About the Madrid bombings [Archives:2004/727/Letters to the Editor]

April 8 2004

Michel Dignand
[email protected]

I believe that the views presented in Yemen Times of the events in Spain are quite valid, but I'd like to suggest a slightly different interpretation which might have a bearing on the way those events might be reflected in countries like my own, Australia, where the government ignored the clearly-expressed views of over 70% of Australians, who wanted our country to stay out of the illegal invasion of Iraq.
I would suggest to you that the Spanish have ousted their previous government not because it supported the US, but because their government lied to them, ignored their wishes and acted against the best interest of the people.
In true democracies (and there are very few of those) all of the people have the right to express their views without fear. The one exception to this is that no-one may try to incite hatred of another person or group (or religion).
All people have the right to religious freedom as well, which means that no-one has the right to tell anyone else what they should believe, or how they should worship.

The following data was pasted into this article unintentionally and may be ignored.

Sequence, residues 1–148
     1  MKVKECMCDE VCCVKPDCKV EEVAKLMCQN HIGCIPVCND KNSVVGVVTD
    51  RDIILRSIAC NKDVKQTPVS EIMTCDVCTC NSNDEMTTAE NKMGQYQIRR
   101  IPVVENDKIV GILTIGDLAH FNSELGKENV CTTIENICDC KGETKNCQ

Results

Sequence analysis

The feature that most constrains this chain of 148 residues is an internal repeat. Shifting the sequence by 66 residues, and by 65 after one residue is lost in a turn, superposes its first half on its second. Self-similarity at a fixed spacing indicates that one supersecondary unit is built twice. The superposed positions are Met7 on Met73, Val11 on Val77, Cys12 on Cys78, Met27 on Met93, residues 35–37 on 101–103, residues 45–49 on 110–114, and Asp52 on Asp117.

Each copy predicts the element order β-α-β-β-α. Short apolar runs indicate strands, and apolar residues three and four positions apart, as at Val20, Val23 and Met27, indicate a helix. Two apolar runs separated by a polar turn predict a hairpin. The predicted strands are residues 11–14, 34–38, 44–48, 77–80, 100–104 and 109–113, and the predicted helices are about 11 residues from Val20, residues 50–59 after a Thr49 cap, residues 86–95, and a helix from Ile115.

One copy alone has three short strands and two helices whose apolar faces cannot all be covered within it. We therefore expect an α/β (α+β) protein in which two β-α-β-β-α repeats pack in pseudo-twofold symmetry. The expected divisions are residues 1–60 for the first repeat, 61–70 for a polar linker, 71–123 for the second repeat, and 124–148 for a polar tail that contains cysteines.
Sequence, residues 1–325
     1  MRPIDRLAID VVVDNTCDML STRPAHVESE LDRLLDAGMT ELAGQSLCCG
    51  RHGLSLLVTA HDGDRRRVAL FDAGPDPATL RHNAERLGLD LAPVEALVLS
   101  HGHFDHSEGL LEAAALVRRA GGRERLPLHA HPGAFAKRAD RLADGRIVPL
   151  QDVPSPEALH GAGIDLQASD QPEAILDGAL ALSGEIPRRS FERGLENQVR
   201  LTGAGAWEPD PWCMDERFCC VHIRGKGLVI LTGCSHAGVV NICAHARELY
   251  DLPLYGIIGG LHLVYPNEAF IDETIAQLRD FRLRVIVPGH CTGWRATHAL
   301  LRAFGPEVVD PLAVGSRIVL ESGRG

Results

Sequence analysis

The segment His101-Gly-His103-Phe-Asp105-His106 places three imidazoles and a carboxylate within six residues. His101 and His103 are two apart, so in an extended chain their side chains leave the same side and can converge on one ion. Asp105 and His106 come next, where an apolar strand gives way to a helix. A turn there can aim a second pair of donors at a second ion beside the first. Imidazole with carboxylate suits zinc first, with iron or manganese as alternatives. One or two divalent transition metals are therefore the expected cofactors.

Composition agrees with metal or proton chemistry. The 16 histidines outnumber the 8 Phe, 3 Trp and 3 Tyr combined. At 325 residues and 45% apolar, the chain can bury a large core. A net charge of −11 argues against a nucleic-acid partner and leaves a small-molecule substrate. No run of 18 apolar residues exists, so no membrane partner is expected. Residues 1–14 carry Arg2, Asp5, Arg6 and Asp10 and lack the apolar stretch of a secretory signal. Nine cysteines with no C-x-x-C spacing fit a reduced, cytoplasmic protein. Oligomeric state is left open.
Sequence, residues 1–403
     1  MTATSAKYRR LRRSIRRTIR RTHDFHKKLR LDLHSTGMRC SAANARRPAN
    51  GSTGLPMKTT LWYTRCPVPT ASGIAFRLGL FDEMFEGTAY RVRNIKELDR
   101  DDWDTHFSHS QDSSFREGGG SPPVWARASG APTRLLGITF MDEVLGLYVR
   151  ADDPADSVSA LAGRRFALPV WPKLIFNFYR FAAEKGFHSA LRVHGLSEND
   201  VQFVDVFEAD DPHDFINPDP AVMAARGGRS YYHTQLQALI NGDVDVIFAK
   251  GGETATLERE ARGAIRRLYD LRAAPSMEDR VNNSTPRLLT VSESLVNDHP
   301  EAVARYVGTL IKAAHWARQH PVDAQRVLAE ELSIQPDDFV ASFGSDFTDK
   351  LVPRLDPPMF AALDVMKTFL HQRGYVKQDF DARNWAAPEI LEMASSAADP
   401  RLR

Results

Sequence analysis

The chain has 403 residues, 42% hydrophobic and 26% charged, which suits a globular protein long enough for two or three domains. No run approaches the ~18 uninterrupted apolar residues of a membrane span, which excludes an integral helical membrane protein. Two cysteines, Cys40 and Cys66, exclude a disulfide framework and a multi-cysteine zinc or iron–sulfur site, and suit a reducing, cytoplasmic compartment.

When governments have been proven to have lied to the people, the people of democracies will generally vote to oust them at the next election. This does not always happen, for instance when the guilty government manages to convince enough people that they should be fearful.
Democracy, loosely described as government of the people by the people, can only work when the people being governed are educated; in other words, that they understand what they are voting for. This will be just as true in Yemen (which is not yet a true democracy) as it is in Australia (which thinks it is a true democracy, but has a population which too easily believes what it is told).
When the world has learned to stop this madness, I trust that both Yemen and Australia will be able to advance towards true democracy; to achieve this, both countries need to try much, much harder to educate our people to think for themselves.